Staying Hot in the Summer Job Search
It’s easy to get discouraged on the job search during the summer months, with somewhat of a characteristic lull in activity and response from companies with whom you have applied or interviewed. But do not despair! Now is the best time to ramp up your own activity. As we say here at EDI Specialists, you want to build up a wave of activity that you can ride through the slower months.
Many candidates are taking vacations or otherwise enjoying the summer weather, making this a perfect time for you to launch your attack. The competition is certainly still out there, but if you stay diligent you will remain a strong fighting force.
Here are some quick tips to consider while you update your resume this summer to keep up with the competition. Some of these tips may seem like common sense, but it certainly doesn’t hurt to refresh yourself. You would really be surprised at the number of poorly-written resumes I see on a daily basis, and how many candidates with valuable skills are passed over by hiring managers due to a sloppy resume. The list below is by no means exhaustive, but covers some of the more common resume problems I come across.
- Always (ALWAYS) perform a spelling and grammar check after every update to your resume. This is one of the most important suggestions I can make. There are few things that will get you taken out of consideration faster than careless spelling errors. I had a professor in college who enforced a strict “One Grade Letter Error” policy, where each and every careless spelling/grammar mistake would cost you one grade letter. A there/their/they’re error would quickly turn an “A” paper into a less impressive B. It might seem harsh, but think about it. Between two candidates with similar skills, would you hire the Systems Administrator or the Systams Administrator (I have actually seen this exact spelling error before, more than once…in the same resume)?
- It is a good idea to tailor your resume to each position you apply for, but never (NEVER!) copy and paste information from a job description into your resume in an attempt to make your resume appear to be a better match.
- List your duties and responsibilities for each position in the form of bullet points rather than in a wall-of-text. Be sure your details are well-articulated.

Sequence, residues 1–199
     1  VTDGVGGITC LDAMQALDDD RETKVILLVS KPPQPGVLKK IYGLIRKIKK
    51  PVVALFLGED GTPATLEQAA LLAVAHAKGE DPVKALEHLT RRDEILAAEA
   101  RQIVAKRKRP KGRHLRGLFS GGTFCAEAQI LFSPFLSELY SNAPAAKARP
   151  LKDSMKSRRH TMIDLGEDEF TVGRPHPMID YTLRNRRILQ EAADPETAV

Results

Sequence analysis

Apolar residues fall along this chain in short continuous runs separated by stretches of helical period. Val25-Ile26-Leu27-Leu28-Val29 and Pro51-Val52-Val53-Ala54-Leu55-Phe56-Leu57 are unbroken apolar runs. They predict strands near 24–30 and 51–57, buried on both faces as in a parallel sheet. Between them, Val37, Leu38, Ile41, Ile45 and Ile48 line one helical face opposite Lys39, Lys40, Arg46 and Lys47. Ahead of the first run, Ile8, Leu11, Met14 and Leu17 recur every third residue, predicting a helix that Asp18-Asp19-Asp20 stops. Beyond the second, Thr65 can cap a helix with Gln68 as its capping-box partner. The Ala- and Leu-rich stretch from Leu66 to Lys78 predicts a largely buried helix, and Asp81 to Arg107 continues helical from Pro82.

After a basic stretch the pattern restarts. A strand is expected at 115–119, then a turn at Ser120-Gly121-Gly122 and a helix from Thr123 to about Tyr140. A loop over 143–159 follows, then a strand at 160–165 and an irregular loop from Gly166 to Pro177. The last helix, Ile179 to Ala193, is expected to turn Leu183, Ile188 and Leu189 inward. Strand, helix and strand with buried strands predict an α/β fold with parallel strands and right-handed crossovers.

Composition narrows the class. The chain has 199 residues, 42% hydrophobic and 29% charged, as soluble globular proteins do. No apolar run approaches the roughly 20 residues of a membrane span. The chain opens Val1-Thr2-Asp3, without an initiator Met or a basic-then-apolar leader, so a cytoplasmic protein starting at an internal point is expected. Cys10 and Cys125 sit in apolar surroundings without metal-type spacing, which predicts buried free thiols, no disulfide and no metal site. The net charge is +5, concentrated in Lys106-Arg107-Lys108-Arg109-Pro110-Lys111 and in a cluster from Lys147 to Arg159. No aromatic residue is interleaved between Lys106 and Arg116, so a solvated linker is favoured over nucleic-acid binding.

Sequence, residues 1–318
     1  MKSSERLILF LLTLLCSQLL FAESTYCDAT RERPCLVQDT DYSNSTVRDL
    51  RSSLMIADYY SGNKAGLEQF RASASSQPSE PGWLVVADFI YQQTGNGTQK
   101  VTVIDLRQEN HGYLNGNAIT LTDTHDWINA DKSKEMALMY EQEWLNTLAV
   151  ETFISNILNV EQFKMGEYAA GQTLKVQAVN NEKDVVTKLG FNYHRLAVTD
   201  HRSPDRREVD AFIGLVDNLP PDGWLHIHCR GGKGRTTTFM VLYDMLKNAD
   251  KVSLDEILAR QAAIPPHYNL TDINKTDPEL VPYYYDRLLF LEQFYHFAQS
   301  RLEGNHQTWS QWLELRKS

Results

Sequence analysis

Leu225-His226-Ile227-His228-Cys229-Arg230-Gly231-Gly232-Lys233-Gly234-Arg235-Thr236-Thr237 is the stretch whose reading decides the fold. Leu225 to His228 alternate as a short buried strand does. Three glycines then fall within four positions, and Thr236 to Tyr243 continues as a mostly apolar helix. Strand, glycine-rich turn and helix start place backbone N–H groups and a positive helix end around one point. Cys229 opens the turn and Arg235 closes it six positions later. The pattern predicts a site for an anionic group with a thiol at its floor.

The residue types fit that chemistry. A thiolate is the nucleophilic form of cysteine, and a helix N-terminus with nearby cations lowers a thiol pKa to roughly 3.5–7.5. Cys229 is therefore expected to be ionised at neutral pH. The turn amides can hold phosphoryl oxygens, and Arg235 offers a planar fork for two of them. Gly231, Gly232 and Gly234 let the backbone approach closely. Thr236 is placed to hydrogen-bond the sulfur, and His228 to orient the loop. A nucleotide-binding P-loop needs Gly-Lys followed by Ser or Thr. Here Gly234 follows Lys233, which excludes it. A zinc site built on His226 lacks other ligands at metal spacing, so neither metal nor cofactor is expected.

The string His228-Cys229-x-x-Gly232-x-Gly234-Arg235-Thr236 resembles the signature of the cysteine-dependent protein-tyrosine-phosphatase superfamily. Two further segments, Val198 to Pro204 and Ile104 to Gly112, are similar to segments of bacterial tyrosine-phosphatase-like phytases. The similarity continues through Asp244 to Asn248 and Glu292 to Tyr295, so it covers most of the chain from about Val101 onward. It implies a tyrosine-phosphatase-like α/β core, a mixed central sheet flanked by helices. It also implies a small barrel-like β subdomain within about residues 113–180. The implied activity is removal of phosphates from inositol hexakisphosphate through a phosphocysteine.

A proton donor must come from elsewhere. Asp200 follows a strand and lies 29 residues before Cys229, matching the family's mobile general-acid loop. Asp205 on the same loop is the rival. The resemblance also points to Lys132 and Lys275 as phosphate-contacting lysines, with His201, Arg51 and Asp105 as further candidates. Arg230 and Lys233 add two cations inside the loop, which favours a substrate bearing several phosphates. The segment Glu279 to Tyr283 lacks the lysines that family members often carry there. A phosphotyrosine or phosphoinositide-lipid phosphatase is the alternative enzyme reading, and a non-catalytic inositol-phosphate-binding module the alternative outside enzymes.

- Include impressive measurable details if possible (for example, a bullet describing how you “improved key business processes resulting in $40M annual company savings and 250% departmental revenue increase” will be of more interest to a hiring manager than a bullet simply stating “involved in business process improvement”).
- Use a standard professional font such as Times New Roman, in size 11 or 12. You might think a different font will make your resume stand out, but if you are applying for a professional position you should definitely avoid more casual fonts (such as the ever-popular Comic Sans MS) and odd sizing.
- Make ample use of “white space,” or open areas on your resume to make it easy on the eyes. Double spacing is not necessary or recommended, but you should a line space between the final bullet of one position and the employer details of the next position. Also be sure to use at least default word processor margins.
- In describing your skill sets, do not write down every piece of software you have ever used. Unless it is relevant to the position you are applying for, you do not need to include that you are skilled in navigating the Internet with various web browsers such as Internet Explorer 7.x/8.x/9.x, Mozilla Firefox and Safari or that you have experience with MS Paint.
- Listing your GPA under an Education section is not really necessary unless you have relatively few years of experience or are applying for an entry-level job, and even then you should only include your GPA if it is high (3.8/3.9 or better). You can also include notable Latin honors such as Summa Cum Laude. In most cases, experience will be more important than even a high GPA; someone with 15-20+ years of experience does not add much to their resume by indicating that they graduated over a decade or two ago with a 4.0.
- If applicable, include affiliations with relevant professional organizations.
- Do not feel like you have to keep your resume to one or two pages. If it does go beyond that, be sure all information you include is relevant to the position you are applying for.
- Use tables, grids and overly fancy formatting sparingly (not everyone uses the same document viewer and what looks great on your screen could look like a mess to a hiring manager).
- Avoid excessive use of bolding, italics and underlining. Less is more. I would recommend using both bolding and underlining for the heading of each section of your resume (Summary of Qualifications, Skill Sets, Professional Experience and Education, for example), bolding only for each sub-heading (skill set categories and employer/dates of employment/job title), and avoiding italics entirely.
Summary of Qualifications
Write a well-articulated summary of your core skills/strengths here.
Operating Systems: Windows, Linux
Programming Languages: C++, Java
Name of Employer, City, State June 2001 – Present
Responsibilities include: (followed by a list of bullet points)
Name of Institution, City, State
Bachelor of Science – Computer Science, May 2001
Leave a Reply